Yesterday my eleven year old SA8300HD PVR failed with an ER01 error which I've read is a memory error. No combinations of boots, resets or iHHD replacement would bring it back to life. I was able to get a one year free rental from Rogers and was offered a Nextbox 3 or the newer 4K model. Although I have no plans to get a 4K TV, I assumed the 4K PVR would be faster and selected that model. What I've noticed is the picture quality is not as good as old PVR and was wondering if I should have picked the Nextbox 3. I was hoping someone here would have some advice. I don't want to exchange it and find the same poorer quality. My TV is old (768) so I have the output set at 1080i. I've done some adjustments to the TV and it's a bit better, but sill not the PQ of the old PVR.
Solved! Solved! Go to Solution.
See my previous post on this topic in the following thread:
It appears that you've already tried some of the "tricks". The 8300 may have "looked sharper", but you should find that the 9865 or CAV10455 both have superior picture quality with regard to various compression artifacts. Many people confuse a "sharper looking" picture with "better" when in fact the high sharpness causes many artifacts that make the picture "worse overall". People do the same with Sharpness levels on their TV. They crank them to the max when it's usually best to have sharpness near the lower end of the scale to prevent stairstepping, mosquito noise, macroblocking, halos around objects, etc. I did a thorough A/B comparison of my 8300 which is still working with my 9865 and with the 4K boxes and found the 8300 to be inferior in almost every way - picture wise. The macroblocking on the 8300 was much worse - a paused picture was typically quite bad, especially if there was any movement. The newer boxes handle macroblocking much better.
The firmware is another matter... Many people prefer SARA to Navigatr.
Looks like I have my work cut out for me. I haven't had to adjust the settings of the TV for years and it was a struggle then. The first thing I notices was the picture on the 4K was very soft, almost blurry. I had the sharpness set quite low for the 8300. Although my adjustments have made an improvement, I can't seem to remove some blotchiness in skin tones (faces). Do you have any "pro" tips for an amateur?
@LF1949 : If you don't have a setup DVD (and instructions), then perhaps the following will help.
1. Choose a channel like CP24HD.
2. Choose a picture mode like "cinema, movie, pro, user, custom" depending on your TV. Do not use "Standard" or "Vivid" modes.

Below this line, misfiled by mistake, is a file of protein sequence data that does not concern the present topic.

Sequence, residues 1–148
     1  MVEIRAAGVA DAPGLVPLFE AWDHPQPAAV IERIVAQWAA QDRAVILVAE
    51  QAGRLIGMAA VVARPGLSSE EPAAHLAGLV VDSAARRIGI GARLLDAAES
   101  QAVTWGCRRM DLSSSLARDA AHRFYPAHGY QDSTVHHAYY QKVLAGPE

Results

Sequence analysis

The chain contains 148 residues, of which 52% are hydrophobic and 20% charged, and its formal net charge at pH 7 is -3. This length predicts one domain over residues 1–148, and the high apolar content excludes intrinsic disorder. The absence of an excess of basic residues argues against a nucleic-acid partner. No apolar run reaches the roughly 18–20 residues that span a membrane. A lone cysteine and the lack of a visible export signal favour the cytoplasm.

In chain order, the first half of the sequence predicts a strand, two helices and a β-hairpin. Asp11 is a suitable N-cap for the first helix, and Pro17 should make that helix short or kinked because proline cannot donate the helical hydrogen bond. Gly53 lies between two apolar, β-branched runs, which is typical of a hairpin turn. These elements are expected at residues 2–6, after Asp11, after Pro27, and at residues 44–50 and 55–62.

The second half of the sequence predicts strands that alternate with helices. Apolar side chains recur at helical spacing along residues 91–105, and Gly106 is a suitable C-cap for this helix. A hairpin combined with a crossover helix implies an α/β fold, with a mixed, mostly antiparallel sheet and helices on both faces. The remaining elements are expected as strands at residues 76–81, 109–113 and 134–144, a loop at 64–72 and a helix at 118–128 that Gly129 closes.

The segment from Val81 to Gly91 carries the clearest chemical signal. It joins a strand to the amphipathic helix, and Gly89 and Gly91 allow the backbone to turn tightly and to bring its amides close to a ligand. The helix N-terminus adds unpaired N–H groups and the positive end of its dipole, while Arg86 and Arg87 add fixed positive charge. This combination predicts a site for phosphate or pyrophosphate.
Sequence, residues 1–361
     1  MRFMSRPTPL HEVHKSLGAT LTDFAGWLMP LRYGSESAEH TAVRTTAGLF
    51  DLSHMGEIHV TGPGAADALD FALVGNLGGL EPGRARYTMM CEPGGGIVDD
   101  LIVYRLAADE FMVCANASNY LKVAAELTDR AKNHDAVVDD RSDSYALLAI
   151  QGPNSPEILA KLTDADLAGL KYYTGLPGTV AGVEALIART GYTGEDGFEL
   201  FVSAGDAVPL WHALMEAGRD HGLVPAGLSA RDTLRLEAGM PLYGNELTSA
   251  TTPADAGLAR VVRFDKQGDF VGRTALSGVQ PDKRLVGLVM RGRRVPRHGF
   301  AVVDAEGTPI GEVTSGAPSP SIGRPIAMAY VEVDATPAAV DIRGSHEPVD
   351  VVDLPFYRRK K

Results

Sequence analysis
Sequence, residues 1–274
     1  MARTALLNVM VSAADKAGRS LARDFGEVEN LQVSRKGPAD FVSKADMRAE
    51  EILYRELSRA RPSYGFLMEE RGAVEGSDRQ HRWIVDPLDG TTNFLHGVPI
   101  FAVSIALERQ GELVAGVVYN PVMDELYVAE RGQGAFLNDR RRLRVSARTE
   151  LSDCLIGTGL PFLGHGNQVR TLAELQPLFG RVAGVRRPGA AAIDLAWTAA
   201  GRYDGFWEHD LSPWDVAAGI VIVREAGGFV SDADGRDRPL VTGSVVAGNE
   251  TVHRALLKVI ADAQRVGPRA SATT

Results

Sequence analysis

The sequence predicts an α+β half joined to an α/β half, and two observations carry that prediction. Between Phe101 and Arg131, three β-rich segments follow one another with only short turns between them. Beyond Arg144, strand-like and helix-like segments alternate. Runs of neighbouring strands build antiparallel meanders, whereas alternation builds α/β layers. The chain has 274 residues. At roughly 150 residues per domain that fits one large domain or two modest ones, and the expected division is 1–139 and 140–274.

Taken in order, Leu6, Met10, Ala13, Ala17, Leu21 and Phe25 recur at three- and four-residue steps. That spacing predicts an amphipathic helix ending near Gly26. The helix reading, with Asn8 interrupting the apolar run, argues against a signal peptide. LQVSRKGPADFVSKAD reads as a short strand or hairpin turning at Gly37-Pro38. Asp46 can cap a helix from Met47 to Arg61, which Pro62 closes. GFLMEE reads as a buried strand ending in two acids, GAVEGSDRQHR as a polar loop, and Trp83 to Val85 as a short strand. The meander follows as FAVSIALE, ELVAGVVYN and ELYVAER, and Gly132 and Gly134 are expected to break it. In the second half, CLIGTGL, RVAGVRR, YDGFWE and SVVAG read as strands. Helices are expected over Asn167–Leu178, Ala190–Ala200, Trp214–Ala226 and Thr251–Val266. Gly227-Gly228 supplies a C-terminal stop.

3. By choosing this, most of the automatic settings are usually then set to the optimum or turned off. If they are not "off", try turning off any automatic settings to see if that helps.
4. Use the "black level" (often called brightness) and turn it up until the blacks appear grey. Then turn the black level down until the blacks get no blacker. This will usually be at around 50 out of 100, but could be as low as 40 or as high as 60. This will prevent black crush where you cannot see shadow details.
5. Contrast (white level) is a bit more tricky. Find a good HD news channel (CTV, CBC) and find someone wearing a white shirt. You should be able to see the wrinkles in his shirt. If not, lower the white level until you see the wrinkles, but the picture doesn't get too dark. Often with new TVs there is a screen brightness option, which should also affect how bright the TV is (not to be confused with Black Level). Use that so that the screen is not too bright, especially if you usually watch in a dark/darkened room.
6. Colour levels are usually too high, try lowering them while still seeing good colour in people/clothes, grass.
7. Tint/hue is usually easy to set - temporarily crank up the colour and adjust tint so it's not too red or too green in the faces of people on a good channel.
8. Sharpness if often set too high. On CP24 or another channel that contains writing, you can look for stairstepping, macroblocking, mosquito noise, halos around the writing. Set the sharpness down to eliminate these. (Look them up if you're not familiar). The appropriate setting is usually around 0-20 out of 100.
9. Set the colour temperature to the warmest or second from the warmest setting (if there are 5+ options). Most TV images are way too "cool" (blue). The ice in hockey arenas is usually closer to cream coloured than white. Most people set their TVs way too blue/cool.
There will be differences between channels and especially with movies since some movies have certain colours due to "director's intent". For example, the Matrix movie is quite green. Most technical movies are quite blue, etc. Set it up so that it looks good for your most-watched channels.
Here's more on the topic:
I do have a setup DVD and will dig that out. I used it to set up the DVD. Since each input retains it's own setup I thought I would have to use a TV source to setup the TV input. I remember years ago using a set of images that were broadcasted on a very HQ HD channel for a few minutes once a week. At one time I had them saved on my PVR. Can I just transfer the settings from the DVD input to the TV? I guess it won't hurt to try. I'll try the alternate method you've laid out as well.
LF1949 wrote: Can I just transfer the settings from the DVD input to the TV?
Usually when you use HDMI, the settings will be similar enough to simply transfer, followed by a quick tune up using the tips I posted previously. PBS (Seattle?) may still have a test pattern once a week.
Just wanted to thank you for the help. I followed your advise and I'm heading in the right direction. It may just be in my head, since I can't do an A-B test, I still remember the old 8300 looking a bit better. I'll continue to tweak and I'm sure I'll get use to the look. It may be the 12 year old Panasonic TV was more compatible with the 8300. Thanks again.
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